4 FM quick reads on Energy Efficiency
1. Four Steps To Keep Energy Efficiency a Priority
Today's tip is about how to continue the momentum you've created with an energy efficiency project. Here are four steps.
First, a huge mistake when completing an expensive energy upgrade is to finish the project and assume everything will be fine, that the money thrown at the energy inefficiency is enough to correct the problem.
Not so. Constantly monitor new equipment specifically but total building energy use in general. Set new goals and incentives. Keep your staff engaged. Do continuous training. Only measure what you need to measure and only analyze what you've measured with specific outcomes in mind. Keep energy as a priority!
Secondly, communicate efficiency plans and goals to building occupants, upper managers and the community on an ongoing basis.
Start a quarterly or monthly newsletter (or email) highlighting facility management's efficiency successes. Illustrate to occupants how energy efficiency strategies are benefiting them by showing them that the savings from a particular project is the equivalent of the salary of two full-time employees, for example.
Be accessible. Set up a time each week when you'll be in your office (like facility management "office hours") to hear suggestions or problems. And then be sure to address them in timely manner.
Show how energy efficiency makes your organization a good corporate citizen. Host community events at your office and create fliers to hand out highlighting energy efficiency successes. Pay your success forward, too — hand out tip sheets for homeowners on how they can save energy.
Sign up for voluntary greenhouse gas emission reporting and reduction programs and energy benchmarking programs, like Energy Star. Complete an annual sustainability report highlighting successes and distribute the report to upper managers and local media outlets.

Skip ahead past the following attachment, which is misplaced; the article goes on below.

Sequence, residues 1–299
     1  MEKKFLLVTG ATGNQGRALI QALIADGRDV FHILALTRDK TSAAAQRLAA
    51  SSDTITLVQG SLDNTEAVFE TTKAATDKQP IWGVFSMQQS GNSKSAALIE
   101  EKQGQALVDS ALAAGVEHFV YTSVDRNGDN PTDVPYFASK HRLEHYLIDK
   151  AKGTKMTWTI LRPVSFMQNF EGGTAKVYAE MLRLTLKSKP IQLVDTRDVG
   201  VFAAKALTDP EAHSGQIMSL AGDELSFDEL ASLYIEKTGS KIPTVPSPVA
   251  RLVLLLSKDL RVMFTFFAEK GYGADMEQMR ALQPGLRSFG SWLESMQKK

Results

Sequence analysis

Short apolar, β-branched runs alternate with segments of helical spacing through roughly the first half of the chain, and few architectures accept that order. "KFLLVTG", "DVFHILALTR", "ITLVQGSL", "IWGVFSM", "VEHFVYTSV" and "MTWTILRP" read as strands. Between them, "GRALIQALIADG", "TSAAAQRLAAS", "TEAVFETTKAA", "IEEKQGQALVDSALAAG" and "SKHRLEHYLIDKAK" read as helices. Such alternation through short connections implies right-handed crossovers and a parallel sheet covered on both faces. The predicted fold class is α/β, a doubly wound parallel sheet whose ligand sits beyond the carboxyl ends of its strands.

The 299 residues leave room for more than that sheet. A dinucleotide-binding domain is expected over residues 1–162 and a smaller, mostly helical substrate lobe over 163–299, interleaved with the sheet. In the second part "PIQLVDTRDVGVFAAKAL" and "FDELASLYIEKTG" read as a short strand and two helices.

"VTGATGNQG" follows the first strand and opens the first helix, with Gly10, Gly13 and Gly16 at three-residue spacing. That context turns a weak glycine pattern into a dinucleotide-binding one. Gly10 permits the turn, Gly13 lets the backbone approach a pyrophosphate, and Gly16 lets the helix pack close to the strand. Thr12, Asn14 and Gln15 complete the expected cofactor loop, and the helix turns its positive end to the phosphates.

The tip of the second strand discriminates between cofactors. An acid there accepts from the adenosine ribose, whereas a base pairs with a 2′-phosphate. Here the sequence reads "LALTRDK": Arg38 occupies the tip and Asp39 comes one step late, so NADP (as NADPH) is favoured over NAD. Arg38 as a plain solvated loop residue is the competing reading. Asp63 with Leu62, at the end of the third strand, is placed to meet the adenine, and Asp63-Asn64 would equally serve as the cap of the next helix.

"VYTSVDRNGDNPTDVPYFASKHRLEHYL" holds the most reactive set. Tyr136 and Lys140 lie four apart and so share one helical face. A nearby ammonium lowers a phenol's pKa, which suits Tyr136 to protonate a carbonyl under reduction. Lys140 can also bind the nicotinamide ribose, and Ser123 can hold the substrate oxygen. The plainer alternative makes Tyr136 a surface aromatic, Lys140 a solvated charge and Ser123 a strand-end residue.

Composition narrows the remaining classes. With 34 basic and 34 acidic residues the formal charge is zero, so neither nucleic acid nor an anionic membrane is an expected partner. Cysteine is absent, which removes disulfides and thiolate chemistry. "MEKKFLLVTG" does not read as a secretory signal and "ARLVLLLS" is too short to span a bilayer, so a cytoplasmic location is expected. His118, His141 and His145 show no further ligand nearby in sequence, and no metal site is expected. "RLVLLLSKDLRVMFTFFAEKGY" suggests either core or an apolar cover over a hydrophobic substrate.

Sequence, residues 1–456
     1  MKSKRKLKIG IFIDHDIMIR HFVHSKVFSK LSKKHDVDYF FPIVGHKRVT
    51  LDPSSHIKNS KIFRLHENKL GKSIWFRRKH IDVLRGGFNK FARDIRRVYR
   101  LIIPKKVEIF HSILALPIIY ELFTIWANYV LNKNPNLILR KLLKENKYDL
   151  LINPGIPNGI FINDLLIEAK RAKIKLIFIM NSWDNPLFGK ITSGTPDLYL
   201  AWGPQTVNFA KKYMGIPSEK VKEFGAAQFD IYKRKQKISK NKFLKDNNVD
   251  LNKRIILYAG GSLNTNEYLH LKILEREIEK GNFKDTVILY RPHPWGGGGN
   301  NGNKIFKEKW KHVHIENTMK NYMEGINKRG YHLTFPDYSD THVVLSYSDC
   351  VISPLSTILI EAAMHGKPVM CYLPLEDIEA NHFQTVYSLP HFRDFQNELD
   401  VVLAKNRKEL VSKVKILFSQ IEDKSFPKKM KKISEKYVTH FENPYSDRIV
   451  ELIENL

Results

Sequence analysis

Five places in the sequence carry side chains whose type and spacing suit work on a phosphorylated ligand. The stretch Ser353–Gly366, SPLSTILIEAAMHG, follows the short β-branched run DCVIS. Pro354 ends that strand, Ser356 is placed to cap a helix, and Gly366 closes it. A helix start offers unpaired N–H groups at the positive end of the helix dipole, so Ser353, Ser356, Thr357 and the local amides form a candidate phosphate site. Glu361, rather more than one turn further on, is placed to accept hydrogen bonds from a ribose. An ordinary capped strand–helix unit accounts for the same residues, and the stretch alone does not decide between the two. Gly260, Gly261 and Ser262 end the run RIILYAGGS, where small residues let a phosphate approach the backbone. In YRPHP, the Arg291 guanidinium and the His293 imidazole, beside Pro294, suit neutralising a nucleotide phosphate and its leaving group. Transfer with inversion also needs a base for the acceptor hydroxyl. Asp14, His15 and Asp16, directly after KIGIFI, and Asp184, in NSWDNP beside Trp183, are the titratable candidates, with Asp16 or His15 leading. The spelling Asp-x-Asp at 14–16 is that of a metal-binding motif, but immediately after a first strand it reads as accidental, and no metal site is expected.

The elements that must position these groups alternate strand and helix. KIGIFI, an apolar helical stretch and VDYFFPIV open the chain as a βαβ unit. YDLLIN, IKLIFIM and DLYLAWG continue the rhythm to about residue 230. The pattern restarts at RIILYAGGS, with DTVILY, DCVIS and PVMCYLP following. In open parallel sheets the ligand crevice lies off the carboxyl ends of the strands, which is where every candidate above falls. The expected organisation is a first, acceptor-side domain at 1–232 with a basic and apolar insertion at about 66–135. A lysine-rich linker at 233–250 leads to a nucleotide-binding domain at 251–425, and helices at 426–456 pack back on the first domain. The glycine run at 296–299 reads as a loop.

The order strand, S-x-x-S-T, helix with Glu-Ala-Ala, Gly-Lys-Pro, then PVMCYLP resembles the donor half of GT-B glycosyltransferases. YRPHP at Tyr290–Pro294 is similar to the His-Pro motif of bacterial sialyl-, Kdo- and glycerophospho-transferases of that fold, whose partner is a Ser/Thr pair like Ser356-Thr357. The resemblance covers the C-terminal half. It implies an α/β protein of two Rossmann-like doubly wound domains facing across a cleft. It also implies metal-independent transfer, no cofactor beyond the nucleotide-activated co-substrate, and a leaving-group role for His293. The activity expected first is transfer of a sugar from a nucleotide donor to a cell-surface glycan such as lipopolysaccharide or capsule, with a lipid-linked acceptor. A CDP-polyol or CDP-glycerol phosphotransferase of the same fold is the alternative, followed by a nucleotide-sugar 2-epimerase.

Third, draft a written energy efficiency policy, complete with stepped savings targets.
Nothing gives energy efficiency more teeth than a policy on paper. In addition, a written policy ensures continuity in the energy efficiency plan if key people leave the organization.
The most important part of drafting a written energy efficiency policy is to make it as specific as possible. Include timelines for upgrade projects, as well as preventive maintenance, energy audit and retrocommissioning frequencies. And be sure to set goals based on specific energy metrics. Plan as far into the future as is feasible, as that helps budget for planned projects.
Fourth, establish incentives for occupants who participate in energy efficiency initiatives or provide suggestions for savings.
Some of the more impactful savings opportunities can come from occupants, who are able to see energy waste in places facility managers may not. So set up a mechanism for occupants to suggest ways to save energy, and reward them if their suggestion pays off in the form of savings.
Be proactive in soliciting the advice of occupants. Do energy efficiency surveys asking for suggestions and reward participation. After all, simple operational changes often have bigger impacts on efficiency than equipment upgrades.
2. Boiler Control Upgrades Plus Regular Maintenance Can Improve Energy Efficiency
Today's tip comes from James Piper, contributing editor for Building Operating Management and Maintenance Solutions magazines: Focus on boiler controls to reduce energy use.
New boiler controls can provide major gains in energy efficiency, performance, and safety at a much lower cost than replacing boilers. Older-generation boiler controls used mechanical linkages. With age and use, linkages wear and go out of adjustment, reducing the unit's efficiency. Older-generation controls also suffer from offset, which occurs when the system operates close to, but not exactly at, the desired setting.
Today's boiler controls incorporate microprocessors, solid-state sensors, and independent servo motors, which give managers accurate and reliable operation, eliminating problems such as offset.
When evaluating control options, it is important to remember boiler controls perform three basic functions: combustion control; water-level control; and flame safeguarding. If a facility uses multiple boilers, the control system must perform a fourth function: sequencing. Facility managers must factor all of these issues into their control decisions. Three types of boiler controls to consider upgrading are flue gas trim, sequencing and automatic blowdown.